Any day now, Americans preparing their Forms 1040 are going to either learn or come face to face with a certain cold truth: their charitable deductions do them no good, tax-wise. (Unless they’re super rich, that is, but the super-rich don’t even prepare their own 1040s; their accountants will figure out the value of their gifts to nonprofit organizations.)
It’s not that the charitable deduction is gone. The reason for this change is the doubling of the standard deduction that was included in the 2018 overhaul of the U.S. Tax Code (the Tax Cuts and Jobs Act, or TCJA). It’s now set at $12,000 for people filing as singles and $24,000 for married couples filing jointly.
At that level, the vast majority of U.S. taxpayers have no reason to itemize their deductions. And charitable donations are an itemized deduction. No itemization, no sense tallying up one’s gifts to charity.
The impact this might have on nonprofits across the U.S. (and beyond) is severe; an estimated $17.2 billion reduction in charitable giving, predicts the conservative American Enterprise Institute (AEI).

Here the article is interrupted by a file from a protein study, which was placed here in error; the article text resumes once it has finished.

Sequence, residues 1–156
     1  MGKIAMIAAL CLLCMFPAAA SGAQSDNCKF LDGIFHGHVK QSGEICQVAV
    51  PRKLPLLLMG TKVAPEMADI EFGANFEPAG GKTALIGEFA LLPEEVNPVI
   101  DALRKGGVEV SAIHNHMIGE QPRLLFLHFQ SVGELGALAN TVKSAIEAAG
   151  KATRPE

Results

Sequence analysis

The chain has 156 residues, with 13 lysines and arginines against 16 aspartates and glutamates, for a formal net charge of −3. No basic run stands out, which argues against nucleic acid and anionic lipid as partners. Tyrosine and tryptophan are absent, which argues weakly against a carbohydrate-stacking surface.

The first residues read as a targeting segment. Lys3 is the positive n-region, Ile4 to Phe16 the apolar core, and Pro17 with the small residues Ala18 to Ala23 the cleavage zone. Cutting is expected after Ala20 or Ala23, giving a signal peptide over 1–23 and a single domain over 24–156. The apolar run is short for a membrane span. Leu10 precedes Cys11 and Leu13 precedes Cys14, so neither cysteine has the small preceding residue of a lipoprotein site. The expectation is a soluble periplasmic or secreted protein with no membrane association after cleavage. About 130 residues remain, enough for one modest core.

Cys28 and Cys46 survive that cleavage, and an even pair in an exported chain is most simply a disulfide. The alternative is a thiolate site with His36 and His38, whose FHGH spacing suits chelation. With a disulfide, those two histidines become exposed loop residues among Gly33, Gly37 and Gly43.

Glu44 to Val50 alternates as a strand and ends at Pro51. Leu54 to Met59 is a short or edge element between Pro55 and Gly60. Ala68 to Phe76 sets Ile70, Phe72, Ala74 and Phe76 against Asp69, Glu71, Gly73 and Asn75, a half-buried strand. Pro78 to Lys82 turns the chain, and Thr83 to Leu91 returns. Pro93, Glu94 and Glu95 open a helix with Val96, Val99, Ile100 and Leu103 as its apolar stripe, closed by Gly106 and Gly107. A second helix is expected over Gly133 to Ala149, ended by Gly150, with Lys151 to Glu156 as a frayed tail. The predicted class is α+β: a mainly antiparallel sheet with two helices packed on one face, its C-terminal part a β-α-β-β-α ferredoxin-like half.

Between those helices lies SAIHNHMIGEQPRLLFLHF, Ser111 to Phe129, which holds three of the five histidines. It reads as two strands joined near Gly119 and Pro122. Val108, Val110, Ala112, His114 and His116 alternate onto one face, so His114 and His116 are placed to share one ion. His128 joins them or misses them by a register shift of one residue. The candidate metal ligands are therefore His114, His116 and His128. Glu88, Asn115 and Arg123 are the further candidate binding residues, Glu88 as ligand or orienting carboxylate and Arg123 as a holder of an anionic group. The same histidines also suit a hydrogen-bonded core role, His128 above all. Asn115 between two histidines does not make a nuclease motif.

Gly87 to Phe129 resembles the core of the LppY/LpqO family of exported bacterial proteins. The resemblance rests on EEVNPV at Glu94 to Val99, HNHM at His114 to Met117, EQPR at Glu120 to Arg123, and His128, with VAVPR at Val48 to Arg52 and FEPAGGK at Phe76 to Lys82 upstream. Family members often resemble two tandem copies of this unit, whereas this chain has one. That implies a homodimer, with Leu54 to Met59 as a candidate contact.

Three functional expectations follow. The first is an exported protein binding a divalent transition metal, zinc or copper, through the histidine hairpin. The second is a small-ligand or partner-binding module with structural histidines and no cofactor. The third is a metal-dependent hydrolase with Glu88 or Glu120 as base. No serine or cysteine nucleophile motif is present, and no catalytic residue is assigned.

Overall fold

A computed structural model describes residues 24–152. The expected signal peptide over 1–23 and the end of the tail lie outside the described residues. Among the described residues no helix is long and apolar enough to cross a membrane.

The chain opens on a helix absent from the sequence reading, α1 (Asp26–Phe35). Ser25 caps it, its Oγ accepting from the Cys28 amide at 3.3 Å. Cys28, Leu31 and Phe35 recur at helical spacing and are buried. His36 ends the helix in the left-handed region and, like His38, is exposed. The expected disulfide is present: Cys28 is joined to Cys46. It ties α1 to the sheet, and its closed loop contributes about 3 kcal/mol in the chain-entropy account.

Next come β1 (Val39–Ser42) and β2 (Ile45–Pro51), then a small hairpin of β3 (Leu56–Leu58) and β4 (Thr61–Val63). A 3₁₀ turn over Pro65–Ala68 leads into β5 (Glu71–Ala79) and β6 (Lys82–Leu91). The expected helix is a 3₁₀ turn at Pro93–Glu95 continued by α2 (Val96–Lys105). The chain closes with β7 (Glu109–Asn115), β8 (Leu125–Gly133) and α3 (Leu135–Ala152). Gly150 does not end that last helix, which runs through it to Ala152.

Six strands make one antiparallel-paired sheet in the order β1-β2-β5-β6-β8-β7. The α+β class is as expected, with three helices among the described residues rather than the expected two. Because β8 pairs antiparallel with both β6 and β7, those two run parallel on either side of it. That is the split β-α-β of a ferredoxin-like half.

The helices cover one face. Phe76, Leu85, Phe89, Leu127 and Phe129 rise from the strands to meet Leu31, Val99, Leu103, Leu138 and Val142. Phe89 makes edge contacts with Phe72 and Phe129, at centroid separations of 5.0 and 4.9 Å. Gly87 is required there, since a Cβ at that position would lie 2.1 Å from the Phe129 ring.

In light of how many Americans rely on nonprofits for everything from survival to cultural enrichment—on hospitals, food banks, friends of the library associations, suicide prevention hotlines, museums, arts organizations,and more—couldn’t Congress have done something to incentivize charitable giving? It could have, but it didn’t.
A proposal on the table when the TCJA was being drafted was to include what was dubbed the “universal charitable deduction.” The idea, brought forth by the nonprofit sector, was a simple one. Charitable deductions could be taken by all taxpayers, whether or not they chose to itemize.
Congress didn’t bother to include the universal deduction, however. But its very simplicity means it could be added as a later fix, even without another tax code overhaul—if, that is, there’s enough public pressure. Will there be?